Andrew Wright AP Lange
The Inquisitor knows his audience. He either knows them personally or just knows their type. The people in the jury are devoted to following the church and try to be pious and humble. With this speech the Inquisitor serves a double purpose: having the jury forget Joan’s piety and warning them that no matter how humble or god-loving you are, the church knows best.
The multiple warnings throughout the speech are used both for warning the jury members not to do the heretical acts mentioned but also do not congratulate or empower anyone who does these things; namely Joan of Arc The Inquisitor uses ethos to persuade the jury members that he’s seen this all before and there will always be someone committing heresy, it’s a horrible task but he’s there to expose the blasphemers.
He emphasizes the fact that the church has led the war against heresy, and the church knows how to deal with it.
A large portion of the monologue is dedicated to exposing the foundation of heresy and what types of people believe it. At one point he mentions that some of these sacrilegious persons are not inherently deceitful, but earnestly believe that God told them to do this or that. Whether they are truthful or not though, they still wish to twist your minds to their purpose. He warns the jury to be wary and carefully examine the testimony before them. There are times when the Inquisitor uses pathos, but they are in short supply.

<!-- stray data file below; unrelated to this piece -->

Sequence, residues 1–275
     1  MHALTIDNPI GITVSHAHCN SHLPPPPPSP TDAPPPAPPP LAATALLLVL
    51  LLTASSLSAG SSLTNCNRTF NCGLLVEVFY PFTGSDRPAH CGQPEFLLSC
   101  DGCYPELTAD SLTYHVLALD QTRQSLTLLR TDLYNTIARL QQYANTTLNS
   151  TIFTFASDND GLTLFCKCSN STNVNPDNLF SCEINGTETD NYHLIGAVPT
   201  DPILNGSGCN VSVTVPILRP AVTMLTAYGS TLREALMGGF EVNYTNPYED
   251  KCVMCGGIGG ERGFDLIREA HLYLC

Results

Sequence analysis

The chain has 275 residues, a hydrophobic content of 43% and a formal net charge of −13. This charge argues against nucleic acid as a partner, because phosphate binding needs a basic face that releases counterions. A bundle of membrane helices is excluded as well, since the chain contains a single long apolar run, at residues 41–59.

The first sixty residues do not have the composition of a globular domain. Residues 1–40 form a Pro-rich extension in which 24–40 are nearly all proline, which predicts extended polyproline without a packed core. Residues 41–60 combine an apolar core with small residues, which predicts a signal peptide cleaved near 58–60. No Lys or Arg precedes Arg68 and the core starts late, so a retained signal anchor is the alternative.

He mentions that all the jury members are “You are all, I hope, merciful…” appealing to both their mercy and their pride in being compassionate. He uses pathos to convince them that Joan’s innocence and piety is not in question or relevant to the case, and to subtly suggest that even the most devoted followers may think themselves better than the church at one point; thereby securing that these followers will make an appearance every Sunday as well be copious benefactors.
The Inquisitor uses these rhetorical devices to accomplish a number of things, but his main focus is the guilt of heresy by Joan of Arc. He never states it outright but he implants the idea in their minds, allowing them to come unto the decision themselves; therefore making the revelation much more meaningful and concrete than if he had merely stated it.